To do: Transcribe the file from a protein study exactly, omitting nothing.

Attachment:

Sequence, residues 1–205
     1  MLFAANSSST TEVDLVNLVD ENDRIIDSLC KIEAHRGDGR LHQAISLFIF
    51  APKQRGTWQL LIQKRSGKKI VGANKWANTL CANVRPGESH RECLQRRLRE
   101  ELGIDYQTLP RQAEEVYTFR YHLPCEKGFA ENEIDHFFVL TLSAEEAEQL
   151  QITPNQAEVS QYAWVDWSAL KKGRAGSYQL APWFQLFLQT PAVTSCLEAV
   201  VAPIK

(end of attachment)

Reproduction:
Sequence, residues 1–205
     1  MLFAANSSST TEVDLVNLVD ENDRIIDSLC KIEAHRGDGR LHQAISLFIF
    51  APKQRGTWQL LIQKRSGKKI VGANKWANTL CANVRPGESH RECLQRRLRE
   101  ELGIDYQTLP RQAEEVYTFR YHLPCEKGFA ENEIDHFFVL TLSAEEAEQL
   151  QITPNQAEVS QYAWVDWSAL KKGRAGSYQL APWFQLFLQT PAVTSCLEAV
   201  VAPIK